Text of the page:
By: Ben Pilatti
Title: Here comes trouble: A Triumph TR6 with a Matchless frame
Sourced From: www.bikeexif.com/custom-triumph-tr6-matchless-frame
Published Date: Wed, 21 Dec 2022 17:01:12 +0000
Did you miss our previous article…
The Swan Song of the V12
The V12 engine holds a special place in the heart of many automotive and motorsports fans. For some, it’s the sound of Formula 1 through the years, especially during the 1990s. For others, it’s engines like the 6.1 L BMW S70/2 from the McLaren F1 or the 3.9L Lamborghini V12 that powered all their cars from the Miura through to the Diablo. No matter where it lies in your heart, it is the “proper” configuration for many: 6 cylinders per bank, put into a V, and firing in an odd sequence to give it that special roar under power.
Yet, as concerns over fuel efficiency, qualms about environmental impact, and high-powered turbocharged V8 or V6 engines are the norm now, the V12 is slowly, but surely, being put to rest. In fact, the only place that V12s are still hanging on by the last threads of their engine mounting bolts are in supercars, hypercars, and a few ultra-luxury cars. Even then, many exotic brands have announced that their next cars will either be V10s or turbo V8s and V6s.
Since it appears that the swan song of the V12 is reaching a crescendo, we thought it only appropriate to celebrate the few remaining cars out there that carry them. It may be the last time we see some of these brands, many of which are known for their V12s.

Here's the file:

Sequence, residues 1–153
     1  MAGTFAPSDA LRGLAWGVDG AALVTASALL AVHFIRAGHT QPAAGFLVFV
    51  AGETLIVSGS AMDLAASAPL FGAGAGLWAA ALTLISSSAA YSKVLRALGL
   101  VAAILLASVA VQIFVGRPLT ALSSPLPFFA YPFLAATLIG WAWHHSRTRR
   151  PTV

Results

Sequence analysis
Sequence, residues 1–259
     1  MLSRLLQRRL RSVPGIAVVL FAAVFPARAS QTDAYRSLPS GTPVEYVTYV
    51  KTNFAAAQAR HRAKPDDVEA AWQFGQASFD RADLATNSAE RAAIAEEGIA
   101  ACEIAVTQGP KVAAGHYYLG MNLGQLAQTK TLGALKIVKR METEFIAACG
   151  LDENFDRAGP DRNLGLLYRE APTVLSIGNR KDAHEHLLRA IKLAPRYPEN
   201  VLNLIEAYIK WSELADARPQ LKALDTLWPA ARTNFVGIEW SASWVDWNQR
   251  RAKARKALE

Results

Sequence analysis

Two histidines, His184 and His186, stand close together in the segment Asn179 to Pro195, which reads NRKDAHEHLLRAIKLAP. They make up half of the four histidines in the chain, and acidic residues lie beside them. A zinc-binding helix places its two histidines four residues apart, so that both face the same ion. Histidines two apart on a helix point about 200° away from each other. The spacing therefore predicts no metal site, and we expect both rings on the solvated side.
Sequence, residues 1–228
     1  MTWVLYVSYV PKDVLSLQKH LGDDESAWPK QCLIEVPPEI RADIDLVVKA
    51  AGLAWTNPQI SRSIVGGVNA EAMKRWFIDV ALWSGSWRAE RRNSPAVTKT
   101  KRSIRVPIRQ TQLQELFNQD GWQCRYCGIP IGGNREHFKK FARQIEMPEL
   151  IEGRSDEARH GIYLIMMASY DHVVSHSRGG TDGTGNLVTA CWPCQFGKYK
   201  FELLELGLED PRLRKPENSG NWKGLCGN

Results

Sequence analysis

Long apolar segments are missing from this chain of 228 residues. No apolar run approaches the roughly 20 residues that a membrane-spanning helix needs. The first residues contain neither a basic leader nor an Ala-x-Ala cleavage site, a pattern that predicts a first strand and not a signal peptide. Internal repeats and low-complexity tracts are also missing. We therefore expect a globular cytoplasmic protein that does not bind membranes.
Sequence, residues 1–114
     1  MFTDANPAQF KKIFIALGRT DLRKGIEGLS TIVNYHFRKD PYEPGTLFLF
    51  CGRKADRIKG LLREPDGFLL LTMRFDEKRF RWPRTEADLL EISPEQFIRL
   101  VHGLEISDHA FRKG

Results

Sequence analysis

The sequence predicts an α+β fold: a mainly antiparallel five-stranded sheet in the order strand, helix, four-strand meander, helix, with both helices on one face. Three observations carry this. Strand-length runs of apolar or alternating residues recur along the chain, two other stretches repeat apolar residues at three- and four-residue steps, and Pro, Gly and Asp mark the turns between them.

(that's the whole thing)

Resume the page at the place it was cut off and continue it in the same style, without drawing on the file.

The Amazing Last V12 Production Versions from the Big Brands
Ferrari 812 Superfast
Ferrari 812 Superfast. Image via Supercars.
The writing is on the wall for the prancing horse, as the new Ferrari 296 GTB is showing the direction that Maranello is headed. Yet, unless you were invited to snag one of the limited-edition Monza SP1 or SP2 cars, there is still one car you can buy from the legendary marque that has all 12 cylinders fully intact.
The 6.5L F140 GA V12. Image Via: Wikimedia Commons.
The 6.5L F140 GA 65-degree V12 in the front of the 812 is the last road-going version of the V12 that debuted in the Ferrari Enzo. Producing a monstrous 789 HP and 530 lbs-ft of torque, it is no slouch either, as when the 812 Superfast debuted, it was the most powerful naturally aspirated production car engine ever made.